Tortious Interference — When Your Business Competition Crosses The Line

Posted on: 23 May 2023


When you go into business, you expect to face competition for customers and business relationships. But what if that competition acts in an unfair way? Do you have any recourse if a competitor does something underhanded or even downright illegal — all to hurt your business? In fact, you do. Here's what you need to know about civil litigation for tortious interference.

What Is Tortious Interference?

In the American legal system, a tort happens when the actions of one party harm another party — intentionally or through negligence. Tortious interference, then, refers to a party improperly interfering with another party's legitimate business activities. Tortious interference takes two forms. The first is tortious interference with a contract, and the second is tortious interference with prospective economic advantage. 

What Does Tortious Interference Look Like?

What do these terms mean in real life? Perhaps you are a beer brewery that has made a valid contract with a local pub to sell your beer. Your closest competitor hears about it and calls up the pub. They threaten to cancel all its existing contracts with them if they don't break the contract with you. The competitor has likely improperly interfered with your contract.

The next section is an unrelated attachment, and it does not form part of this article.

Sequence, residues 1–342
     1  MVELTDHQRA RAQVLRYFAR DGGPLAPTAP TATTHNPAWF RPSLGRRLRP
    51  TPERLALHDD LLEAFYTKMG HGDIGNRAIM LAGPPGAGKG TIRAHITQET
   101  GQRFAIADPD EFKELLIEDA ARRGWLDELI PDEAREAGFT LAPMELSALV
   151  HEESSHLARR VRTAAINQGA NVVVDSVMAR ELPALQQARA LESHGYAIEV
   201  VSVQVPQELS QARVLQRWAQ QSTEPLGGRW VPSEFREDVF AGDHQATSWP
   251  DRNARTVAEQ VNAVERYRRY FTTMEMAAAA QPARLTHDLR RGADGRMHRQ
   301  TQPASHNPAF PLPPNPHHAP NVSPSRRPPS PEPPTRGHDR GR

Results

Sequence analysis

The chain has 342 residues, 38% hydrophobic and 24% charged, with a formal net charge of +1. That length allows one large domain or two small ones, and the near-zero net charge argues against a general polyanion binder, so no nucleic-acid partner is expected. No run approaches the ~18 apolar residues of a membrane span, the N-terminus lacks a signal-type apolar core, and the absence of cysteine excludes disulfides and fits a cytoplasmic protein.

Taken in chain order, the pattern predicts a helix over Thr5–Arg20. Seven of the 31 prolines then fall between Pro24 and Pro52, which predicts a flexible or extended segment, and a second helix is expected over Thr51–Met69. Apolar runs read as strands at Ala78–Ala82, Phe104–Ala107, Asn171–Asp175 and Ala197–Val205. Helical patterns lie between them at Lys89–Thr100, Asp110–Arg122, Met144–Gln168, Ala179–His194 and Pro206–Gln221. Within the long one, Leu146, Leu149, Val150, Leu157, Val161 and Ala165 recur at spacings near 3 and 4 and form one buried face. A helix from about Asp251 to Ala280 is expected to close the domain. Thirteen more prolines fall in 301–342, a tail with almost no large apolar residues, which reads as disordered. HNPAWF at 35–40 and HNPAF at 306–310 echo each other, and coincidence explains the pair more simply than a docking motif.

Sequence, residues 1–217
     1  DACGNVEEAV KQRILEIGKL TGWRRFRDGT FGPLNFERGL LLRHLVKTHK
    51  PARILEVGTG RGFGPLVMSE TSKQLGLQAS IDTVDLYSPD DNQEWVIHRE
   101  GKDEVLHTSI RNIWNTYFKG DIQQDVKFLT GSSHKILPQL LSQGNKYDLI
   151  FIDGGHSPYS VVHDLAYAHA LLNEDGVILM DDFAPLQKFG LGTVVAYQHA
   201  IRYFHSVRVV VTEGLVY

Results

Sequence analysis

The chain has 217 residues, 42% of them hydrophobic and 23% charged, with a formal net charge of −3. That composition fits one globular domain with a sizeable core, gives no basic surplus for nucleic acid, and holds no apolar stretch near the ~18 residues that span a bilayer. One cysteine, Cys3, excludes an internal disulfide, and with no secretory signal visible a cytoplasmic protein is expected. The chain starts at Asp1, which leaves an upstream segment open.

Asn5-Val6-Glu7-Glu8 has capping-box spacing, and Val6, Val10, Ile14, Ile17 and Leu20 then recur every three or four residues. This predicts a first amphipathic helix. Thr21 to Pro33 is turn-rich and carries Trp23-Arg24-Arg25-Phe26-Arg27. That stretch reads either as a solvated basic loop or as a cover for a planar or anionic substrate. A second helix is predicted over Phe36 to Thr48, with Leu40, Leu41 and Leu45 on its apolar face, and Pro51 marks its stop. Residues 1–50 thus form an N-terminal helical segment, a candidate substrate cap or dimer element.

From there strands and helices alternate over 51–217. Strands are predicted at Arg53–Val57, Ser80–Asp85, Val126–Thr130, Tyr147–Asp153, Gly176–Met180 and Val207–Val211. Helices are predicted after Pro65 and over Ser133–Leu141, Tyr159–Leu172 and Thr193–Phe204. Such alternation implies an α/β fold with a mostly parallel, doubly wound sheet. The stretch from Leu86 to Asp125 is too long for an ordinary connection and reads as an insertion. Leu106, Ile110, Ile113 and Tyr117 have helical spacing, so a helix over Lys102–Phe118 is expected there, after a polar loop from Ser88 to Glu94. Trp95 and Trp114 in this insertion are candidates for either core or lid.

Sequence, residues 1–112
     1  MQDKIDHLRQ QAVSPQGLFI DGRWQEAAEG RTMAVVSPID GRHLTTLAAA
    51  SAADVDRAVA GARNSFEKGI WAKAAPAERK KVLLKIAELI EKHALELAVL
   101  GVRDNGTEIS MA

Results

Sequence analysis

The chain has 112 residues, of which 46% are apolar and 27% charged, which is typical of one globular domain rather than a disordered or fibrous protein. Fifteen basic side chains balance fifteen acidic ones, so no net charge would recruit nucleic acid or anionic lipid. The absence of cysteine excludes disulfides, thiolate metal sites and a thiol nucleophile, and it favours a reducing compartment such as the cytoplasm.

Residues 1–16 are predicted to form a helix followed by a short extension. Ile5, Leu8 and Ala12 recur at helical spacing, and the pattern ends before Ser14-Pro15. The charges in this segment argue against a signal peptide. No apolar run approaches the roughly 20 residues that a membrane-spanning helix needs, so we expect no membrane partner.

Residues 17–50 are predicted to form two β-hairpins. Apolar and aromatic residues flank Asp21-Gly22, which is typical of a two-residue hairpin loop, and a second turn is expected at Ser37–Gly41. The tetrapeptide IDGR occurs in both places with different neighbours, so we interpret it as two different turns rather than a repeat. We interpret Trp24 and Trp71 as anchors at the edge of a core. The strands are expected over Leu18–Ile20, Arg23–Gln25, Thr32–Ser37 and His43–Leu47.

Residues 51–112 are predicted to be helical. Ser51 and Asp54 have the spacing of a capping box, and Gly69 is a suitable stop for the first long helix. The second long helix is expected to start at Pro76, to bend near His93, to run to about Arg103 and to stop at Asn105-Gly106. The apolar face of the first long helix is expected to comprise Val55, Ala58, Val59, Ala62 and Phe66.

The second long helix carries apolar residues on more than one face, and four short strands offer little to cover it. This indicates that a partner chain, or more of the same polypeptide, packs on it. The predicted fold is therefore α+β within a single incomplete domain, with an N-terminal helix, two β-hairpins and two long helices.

On the other hand, what if you have had a standing contract with the pub for several years? You are in negotiations for a new one, but a new competitor in town calls them up and threatens to get their landlord to evict them if they make a contract with you. Although you have no contract yet, the competitor may have committed tortious interference with prospective economic advantage. 

How Do You Prove Tortious Interference?

Proving tortious interference can be complicated in the modern world. If you sue over it, you will have to prove a number of elements. This includes proving that the other party knew about the business relationship, that they improperly interfered, that the relationship was altered because of their interference, and that you were harmed. 

One of the most difficult elements of this claim is proving that the interference was improper. The opposing side will surely argue that their actions constituted normal and fair competition. The court will also have to walk the fine line between protecting the free operation of businesses and protecting contract and business law. 

Where Can You Learn More?

Do you believe that someone has committed tortious interference with your business operations? If so, start by learning more about this often-unfamiliar business litigation. Meet with a business litigation attorney in your state today to learn more.